Nationally recognised minimum rates are set by the entertainment unions and the appropriate employers’ bodies. Entertainment union members can access information about rates from their union.  Where entertainment union rates exist, we expect at least the minimum rate to be applied. There are at present no national professional organisations for some sectors (including visual artists).

Following a ruling by the Office of Fair Trading on competition law, we are not able to offer guidelines on rates of pay for artists. We are exploring how we can offer some guidance on actual rates without breaking the law and will update this information as soon as we can.

The National Minimum Wage Act (1998) and the National Minimum Wage Regulations (1999) (as amended by the National Minimum Wage Regulations 1999 (Amendment) Regulations 2001) place obligations on employers to pay their workers at least the national minimum wage.

For more details:

visit the HM Revenue and Customs site at http://www.hmrc.gov.uk/paye/payroll/day-to-day/nmw.htm

or the Department for Business Innovation and Skills website at http://www.bis.gov.uk/policies/employment-matters
DBIS also runs a Pay and Work Rights Helpline on 0800 917 2368

3       Useful Contacts

a-n The Artists Information Company – for visual artists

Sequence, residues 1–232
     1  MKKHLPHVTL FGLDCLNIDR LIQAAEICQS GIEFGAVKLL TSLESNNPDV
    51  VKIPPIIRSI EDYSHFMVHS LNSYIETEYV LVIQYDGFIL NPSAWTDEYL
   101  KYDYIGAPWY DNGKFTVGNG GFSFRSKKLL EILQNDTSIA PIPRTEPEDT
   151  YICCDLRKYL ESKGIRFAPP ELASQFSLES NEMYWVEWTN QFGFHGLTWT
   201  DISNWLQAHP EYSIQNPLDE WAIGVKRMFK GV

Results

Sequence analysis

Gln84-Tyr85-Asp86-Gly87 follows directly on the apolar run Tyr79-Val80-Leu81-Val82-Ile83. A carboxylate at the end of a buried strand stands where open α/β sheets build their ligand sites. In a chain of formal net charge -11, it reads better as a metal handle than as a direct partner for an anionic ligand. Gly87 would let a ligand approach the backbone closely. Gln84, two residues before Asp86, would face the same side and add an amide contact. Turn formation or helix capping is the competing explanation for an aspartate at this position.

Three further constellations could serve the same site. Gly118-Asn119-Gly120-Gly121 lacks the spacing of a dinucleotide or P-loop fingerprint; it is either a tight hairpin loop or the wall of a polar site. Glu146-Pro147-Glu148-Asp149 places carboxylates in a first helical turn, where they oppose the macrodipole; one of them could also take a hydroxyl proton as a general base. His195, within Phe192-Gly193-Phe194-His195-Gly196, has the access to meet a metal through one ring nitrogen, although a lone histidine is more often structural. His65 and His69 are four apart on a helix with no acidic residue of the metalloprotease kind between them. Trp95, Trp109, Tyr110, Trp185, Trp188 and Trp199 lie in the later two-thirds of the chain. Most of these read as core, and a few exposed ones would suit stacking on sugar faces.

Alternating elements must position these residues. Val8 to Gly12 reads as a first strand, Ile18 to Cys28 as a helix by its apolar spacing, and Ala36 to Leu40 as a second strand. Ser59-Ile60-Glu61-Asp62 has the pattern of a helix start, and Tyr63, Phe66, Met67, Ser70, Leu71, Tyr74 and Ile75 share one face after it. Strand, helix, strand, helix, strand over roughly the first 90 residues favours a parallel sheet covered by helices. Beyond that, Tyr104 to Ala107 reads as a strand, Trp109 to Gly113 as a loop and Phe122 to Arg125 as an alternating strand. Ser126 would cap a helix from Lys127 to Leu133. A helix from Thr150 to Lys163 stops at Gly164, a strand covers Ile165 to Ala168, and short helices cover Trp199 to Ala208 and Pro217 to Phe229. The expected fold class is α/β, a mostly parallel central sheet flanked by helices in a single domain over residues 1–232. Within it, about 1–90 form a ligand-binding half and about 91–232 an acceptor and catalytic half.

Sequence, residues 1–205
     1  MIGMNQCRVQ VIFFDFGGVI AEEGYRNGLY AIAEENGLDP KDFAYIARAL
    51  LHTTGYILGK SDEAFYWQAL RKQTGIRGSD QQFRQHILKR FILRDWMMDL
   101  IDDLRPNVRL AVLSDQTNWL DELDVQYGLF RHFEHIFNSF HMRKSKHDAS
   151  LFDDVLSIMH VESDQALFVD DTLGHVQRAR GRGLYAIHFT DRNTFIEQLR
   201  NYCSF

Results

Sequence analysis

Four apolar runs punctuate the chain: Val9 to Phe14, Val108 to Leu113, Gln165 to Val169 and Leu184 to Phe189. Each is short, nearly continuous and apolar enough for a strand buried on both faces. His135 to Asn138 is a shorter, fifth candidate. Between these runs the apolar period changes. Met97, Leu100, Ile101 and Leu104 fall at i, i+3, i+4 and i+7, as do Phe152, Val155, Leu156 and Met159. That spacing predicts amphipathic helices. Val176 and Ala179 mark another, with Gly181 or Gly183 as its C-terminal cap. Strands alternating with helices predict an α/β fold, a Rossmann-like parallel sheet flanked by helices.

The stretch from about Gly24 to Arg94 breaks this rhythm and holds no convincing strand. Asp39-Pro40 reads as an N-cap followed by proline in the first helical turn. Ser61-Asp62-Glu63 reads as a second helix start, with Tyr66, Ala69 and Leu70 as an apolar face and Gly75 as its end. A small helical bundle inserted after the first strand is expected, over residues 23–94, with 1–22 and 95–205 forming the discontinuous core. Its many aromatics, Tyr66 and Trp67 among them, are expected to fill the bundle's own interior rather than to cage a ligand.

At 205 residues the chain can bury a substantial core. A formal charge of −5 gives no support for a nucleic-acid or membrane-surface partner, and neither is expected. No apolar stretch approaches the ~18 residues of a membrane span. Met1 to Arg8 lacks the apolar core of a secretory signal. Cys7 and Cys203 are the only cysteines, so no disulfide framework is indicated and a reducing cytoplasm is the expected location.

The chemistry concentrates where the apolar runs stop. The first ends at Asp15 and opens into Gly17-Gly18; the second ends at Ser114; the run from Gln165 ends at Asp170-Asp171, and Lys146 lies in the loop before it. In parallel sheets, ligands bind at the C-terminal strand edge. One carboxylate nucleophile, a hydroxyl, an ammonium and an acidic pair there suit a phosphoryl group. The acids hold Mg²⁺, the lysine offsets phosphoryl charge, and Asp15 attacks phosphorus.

First Floor
7–15 Pink Lane
Newcastle upon Tyne NE1 5DW
Phone: 0191 241 8000
Fax: 0191 241 8001
Website: www.a-n.co.uk

BECTU – for technical staff
373–377 Clapham Road
London SW9 9BT
Phone: 020 7346 0900
Fax: 020 7346 0901

Equity – for actors, singers and dancers
Guild House
Upper St Martins Lane
London WC2H 9EG
Phone: 020 7379 6000
Fax: 020 7379 7001

Independent Theatre Council – for theatre practitioners
12 The Leathermarket
Weston Street
London SE1 3ER
Phone: 020 7403 1727
Fax: 020 7403 1745

Musicians’ Union – for musicians
Has regional offices in

See website www.musiciansunion.org.uk for contact details
For general industry enquiries
Phone: 020 7582 5566

Writers’ Guild – for writers
40 Rosebery Avenue
London EC1R 4RX
Phone: 020 7833 0777


Arts Council England
Grants for the arts
The Hive, 49 Lever Street
Manchester M1 1FN
Phone: 0845 300 6200
Textphone: 020 7973 6564

© Arts Council England June 2011


  1. thanks to Bill and everyone who has put the work in to organize and give structure to the process of getting the reasoning for a fair deal out there, and then winning that deal with the funding bodies...... Our Art is our work.

  2. I think one of the things that I feel about the current guidelines on paying artists is that the principle is more or less right but that it should not just be applied to grants for the arts but rather, it should be a more general condition of public support for the arts. The recent cases of events within the Olympics trying to get musicians to work for free when there was even an agreement that they should be paid is the sort of thing that should just plain not happen. There is a type of producer out there who just doesn't get it and will try it on at every opportunity. If the rules were clear and enforced then we would not have to endure them and be protesting in this way while the standard of professionalism dwindles as fewer and fewer can make a living as artists in whichever discipline they have chosen.